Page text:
I am learning Scheme. What is wrong with the code below?I want to write a program that takes the first function from the list and then applies that to a number?

    (define num  3)

    ;;I want to do something like this which returns 3
    ((λ (x) x)num)

    ;;but my functions are in a list so this should return3
    ((first '((λ (x) x) (λ (x) (* x x)))) num)

Im getting this error for the above code:
procedure application: expected procedure, given: (λ (x) x); arguments were: 3

What does it mean when I get these kinds of output?

When I dont apply anything, I get a nice output.

(first '((λ(x) x)(λ(x) (*x x))))

returns (λ (x) x)

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You're quoting, with ' the lambda, so it isn't being evaluated.

If you just feed in (λ (x) x) at the prompt, DrScheme shows you #<procedure>, which means it has actually evaluated the lambda, and given you back a closure. By quoting it, you're giving Scheme just a list of symbols.

If you want to put your functions in a list, you can do:

((first (list (lambda (x) x) (lambda (x) (* x x)))) num)

The quote allows you to produce a list, yes, but one whose contents aren't evaluated. The list function produces a list from all of its arguments, after they've been evaluated.

You could also quasiquote the list, if you like:

((first `(,(lambda (x) x) ,(lambda (x) (* x x)))) num)
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What is the difference between these expressions?

> (procedure? (lambda (n) n))
> (procedure? (quote (lambda (n) n)))
> (procedure? '(lambda (n) n))

Jay answered it for you but I can't upvote him yet.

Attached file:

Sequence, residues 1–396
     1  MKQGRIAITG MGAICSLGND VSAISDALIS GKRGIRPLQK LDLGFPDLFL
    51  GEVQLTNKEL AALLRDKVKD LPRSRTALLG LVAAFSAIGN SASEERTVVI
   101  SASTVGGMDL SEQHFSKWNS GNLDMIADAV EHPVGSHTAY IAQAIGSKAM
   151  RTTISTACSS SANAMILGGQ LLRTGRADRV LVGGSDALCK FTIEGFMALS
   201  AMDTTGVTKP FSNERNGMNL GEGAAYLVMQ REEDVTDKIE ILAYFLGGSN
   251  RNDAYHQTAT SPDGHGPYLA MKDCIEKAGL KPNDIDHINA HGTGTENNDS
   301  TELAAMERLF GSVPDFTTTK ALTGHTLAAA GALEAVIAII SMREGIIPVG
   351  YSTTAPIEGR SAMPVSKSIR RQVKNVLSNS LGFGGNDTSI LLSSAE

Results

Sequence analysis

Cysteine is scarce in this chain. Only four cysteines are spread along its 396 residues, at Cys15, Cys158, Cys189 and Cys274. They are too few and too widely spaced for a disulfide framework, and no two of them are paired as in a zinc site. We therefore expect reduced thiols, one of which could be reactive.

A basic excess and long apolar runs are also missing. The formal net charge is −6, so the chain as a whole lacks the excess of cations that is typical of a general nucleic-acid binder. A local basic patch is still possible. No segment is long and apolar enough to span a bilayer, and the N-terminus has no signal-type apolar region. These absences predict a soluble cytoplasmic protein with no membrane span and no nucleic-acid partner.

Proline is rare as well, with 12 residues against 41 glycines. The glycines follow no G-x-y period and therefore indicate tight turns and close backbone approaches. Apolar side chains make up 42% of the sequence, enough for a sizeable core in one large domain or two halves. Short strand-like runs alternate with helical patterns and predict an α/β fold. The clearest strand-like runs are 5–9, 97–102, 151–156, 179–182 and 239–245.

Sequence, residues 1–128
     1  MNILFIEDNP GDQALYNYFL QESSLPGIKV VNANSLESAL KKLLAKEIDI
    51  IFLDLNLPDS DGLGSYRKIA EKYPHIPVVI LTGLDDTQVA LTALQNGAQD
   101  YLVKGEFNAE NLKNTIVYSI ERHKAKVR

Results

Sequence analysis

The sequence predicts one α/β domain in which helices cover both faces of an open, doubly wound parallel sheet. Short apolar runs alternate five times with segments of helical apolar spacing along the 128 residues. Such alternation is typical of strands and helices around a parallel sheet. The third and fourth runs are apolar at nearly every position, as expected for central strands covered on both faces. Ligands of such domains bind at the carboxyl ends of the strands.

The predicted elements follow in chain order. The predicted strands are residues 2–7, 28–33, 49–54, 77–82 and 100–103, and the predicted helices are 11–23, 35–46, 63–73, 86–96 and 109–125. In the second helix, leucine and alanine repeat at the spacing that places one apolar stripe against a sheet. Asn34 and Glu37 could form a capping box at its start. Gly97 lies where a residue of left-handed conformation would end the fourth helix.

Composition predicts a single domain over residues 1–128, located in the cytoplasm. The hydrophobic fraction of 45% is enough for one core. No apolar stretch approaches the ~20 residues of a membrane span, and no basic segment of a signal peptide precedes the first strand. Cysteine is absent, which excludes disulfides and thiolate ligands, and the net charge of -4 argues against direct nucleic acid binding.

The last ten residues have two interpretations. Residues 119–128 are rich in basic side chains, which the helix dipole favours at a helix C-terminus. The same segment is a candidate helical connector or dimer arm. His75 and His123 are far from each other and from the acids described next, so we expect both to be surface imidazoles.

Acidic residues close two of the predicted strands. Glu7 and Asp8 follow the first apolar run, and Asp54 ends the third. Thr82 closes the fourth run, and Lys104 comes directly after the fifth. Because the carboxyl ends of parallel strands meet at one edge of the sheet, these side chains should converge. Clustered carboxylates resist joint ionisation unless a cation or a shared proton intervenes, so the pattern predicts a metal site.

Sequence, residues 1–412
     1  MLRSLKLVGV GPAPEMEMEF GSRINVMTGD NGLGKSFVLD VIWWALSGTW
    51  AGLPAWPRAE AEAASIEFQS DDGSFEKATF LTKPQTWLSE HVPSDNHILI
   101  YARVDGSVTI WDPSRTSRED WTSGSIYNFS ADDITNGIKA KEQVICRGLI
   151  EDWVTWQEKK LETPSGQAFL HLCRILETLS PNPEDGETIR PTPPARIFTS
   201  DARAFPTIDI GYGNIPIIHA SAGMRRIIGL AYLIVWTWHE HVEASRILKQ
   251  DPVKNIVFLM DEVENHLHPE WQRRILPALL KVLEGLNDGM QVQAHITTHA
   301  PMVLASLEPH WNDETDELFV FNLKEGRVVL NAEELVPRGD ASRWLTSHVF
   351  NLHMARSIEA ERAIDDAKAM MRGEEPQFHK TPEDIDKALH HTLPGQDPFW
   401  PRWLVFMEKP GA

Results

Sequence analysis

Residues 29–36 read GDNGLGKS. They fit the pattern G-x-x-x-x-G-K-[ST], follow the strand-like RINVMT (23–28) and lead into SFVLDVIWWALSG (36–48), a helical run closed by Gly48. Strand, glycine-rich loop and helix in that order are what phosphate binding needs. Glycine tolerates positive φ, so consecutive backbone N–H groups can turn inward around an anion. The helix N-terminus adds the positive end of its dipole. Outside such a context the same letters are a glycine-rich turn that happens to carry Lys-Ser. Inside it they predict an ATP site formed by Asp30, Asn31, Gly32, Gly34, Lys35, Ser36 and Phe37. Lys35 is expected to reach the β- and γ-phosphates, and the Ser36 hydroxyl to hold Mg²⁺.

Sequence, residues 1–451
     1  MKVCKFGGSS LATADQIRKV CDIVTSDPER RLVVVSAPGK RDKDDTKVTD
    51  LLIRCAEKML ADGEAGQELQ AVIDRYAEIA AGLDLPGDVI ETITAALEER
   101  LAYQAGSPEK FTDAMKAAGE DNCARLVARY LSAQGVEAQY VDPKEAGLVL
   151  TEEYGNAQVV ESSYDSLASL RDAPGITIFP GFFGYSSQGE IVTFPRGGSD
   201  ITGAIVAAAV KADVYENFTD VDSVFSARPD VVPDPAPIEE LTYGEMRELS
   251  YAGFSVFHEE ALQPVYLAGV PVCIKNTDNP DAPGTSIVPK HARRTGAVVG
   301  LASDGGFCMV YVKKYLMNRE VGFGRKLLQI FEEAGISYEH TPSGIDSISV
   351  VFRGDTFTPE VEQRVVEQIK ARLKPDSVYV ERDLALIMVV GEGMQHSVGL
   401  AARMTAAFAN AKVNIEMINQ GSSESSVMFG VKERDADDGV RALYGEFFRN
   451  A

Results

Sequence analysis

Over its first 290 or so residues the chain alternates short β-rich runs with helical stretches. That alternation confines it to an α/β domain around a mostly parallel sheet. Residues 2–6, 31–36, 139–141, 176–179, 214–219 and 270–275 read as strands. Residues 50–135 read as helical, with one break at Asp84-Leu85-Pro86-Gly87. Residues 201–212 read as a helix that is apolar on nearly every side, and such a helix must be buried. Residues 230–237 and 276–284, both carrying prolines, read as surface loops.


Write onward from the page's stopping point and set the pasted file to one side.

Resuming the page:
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(lambda (x) x) isn't a procedure. It's a form that evaluates to a procedure. People are a bit loose with terminology and often call the lambda form a procedure as a kind of shorthand. “Ceci n'est pas une pipe.”

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  • True, but ultimately useless as an explanation for newbies that are confused by such issues. Note BTW that since then Racket changed the way it prints values, which results in a clearer error: "... expected procedure, given: '(λ (x) x) ..." -- the quote is new. – Eli Barzilay Jul 7 '11 at 15:53
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    When I was a newbie this was exactly the sentence I needed to clear up the confusion, so I wrote it down to help others. Perhaps it's just "ultimately useless" for everyone but me. – rptb1 Jul 13 '11 at 20:02
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    The thing is that Scheme has some (very intentional!) confusion between code and data, x and 'x, your explanation is correct (as I said) but it is a similar kind of confusion at the meta level, where x is data and "the value bound to x" is the "code". For many students, this kind of duality is very confusing, and mostly does not get completely clear until they go through something like the meta-circular evaluator. – Eli Barzilay Jul 14 '11 at 2:20
  • It gets worse, since it's more like “the variable cell bound to x containing the value of x” :P – rptb1 Jul 14 '11 at 17:32
  • Yes, I intentionally avoided the extra indirection that you get when you introduce mutations and locations. – Eli Barzilay Jul 15 '11 at 3:47

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